Thailand's Islamic separatist movement

The World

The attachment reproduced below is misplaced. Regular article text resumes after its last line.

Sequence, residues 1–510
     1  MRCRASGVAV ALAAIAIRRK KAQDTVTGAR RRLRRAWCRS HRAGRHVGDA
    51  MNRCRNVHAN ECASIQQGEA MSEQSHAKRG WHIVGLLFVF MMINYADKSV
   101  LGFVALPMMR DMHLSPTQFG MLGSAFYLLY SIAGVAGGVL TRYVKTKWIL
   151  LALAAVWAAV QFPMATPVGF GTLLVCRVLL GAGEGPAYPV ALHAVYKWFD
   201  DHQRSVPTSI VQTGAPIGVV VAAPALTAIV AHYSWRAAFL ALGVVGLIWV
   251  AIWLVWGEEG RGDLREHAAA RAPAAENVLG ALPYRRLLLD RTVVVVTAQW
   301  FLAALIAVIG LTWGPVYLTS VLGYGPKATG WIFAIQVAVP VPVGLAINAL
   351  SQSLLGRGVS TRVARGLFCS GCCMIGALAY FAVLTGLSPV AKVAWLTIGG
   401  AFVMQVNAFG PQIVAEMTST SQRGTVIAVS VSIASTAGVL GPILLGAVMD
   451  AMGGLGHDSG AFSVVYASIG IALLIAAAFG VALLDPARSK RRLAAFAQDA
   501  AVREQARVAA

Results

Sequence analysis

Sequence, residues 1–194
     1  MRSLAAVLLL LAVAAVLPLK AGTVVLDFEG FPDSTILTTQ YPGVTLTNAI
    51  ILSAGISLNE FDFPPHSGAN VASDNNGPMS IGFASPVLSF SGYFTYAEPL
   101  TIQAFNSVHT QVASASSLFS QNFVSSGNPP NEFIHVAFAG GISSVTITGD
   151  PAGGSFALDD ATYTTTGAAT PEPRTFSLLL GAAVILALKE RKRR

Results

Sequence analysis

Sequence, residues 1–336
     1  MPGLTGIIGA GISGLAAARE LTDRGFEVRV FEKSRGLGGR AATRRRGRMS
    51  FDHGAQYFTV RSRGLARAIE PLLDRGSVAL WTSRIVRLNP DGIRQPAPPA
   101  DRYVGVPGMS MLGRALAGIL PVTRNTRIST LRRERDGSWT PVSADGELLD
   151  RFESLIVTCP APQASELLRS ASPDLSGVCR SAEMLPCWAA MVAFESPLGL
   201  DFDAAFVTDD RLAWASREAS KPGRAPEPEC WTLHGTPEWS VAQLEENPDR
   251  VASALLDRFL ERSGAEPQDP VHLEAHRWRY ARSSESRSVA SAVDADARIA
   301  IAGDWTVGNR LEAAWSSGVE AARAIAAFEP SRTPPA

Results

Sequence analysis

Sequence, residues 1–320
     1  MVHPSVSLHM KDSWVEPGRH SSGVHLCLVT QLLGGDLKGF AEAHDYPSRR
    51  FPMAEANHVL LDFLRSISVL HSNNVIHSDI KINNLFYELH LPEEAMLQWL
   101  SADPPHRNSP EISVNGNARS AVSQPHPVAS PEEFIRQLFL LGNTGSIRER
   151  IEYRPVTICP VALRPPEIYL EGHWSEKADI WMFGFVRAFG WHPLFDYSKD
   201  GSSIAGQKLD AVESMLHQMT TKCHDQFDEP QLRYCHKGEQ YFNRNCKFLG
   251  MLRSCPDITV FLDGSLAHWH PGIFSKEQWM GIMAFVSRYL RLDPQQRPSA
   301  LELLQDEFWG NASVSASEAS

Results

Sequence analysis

These men gather to talk about the six killings in the past week and other recent killings. That's become normal around here. The most recent attack happened early in the morning when a village headman accused of being an insurgent sympathizer was killed in front of his home. This witness too scared to give his name said the killer belongs to the Thai security forces. The killer was wearing the kind of bullet proof vest the police and military use around here. These killings have only fueled fear and hatred among ethnic Malay Muslims who fill the majority in the southern provinces along the Malaysian border. The men joked about how the investigators won't come to this region. This friend of the victim says the investigators are scared of coming. He says this murder will probably go unsolved. The sense of injustice here is palpable and grievances go back decades; Malay Muslims still refer to Thais as Siamese, a term from a century ago when the Siamese kingdom annexed independent Malay that existed here. The official religion of the kingdom and Thailand is Buddhism and that's brought a religious tension to the ethnic Malay here. Modernization has also sharpened differences. This cleric says there's a lot of Siamese culture coming here and it's ruining the Islamic Malay culture is being destroyed. Adding to the bitterness is a longstanding Thai policy of trying to assimilate Muslims. School lessons are mostly taught in Thai, a foreign language to the Malay Muslims here. The schools are officially secular.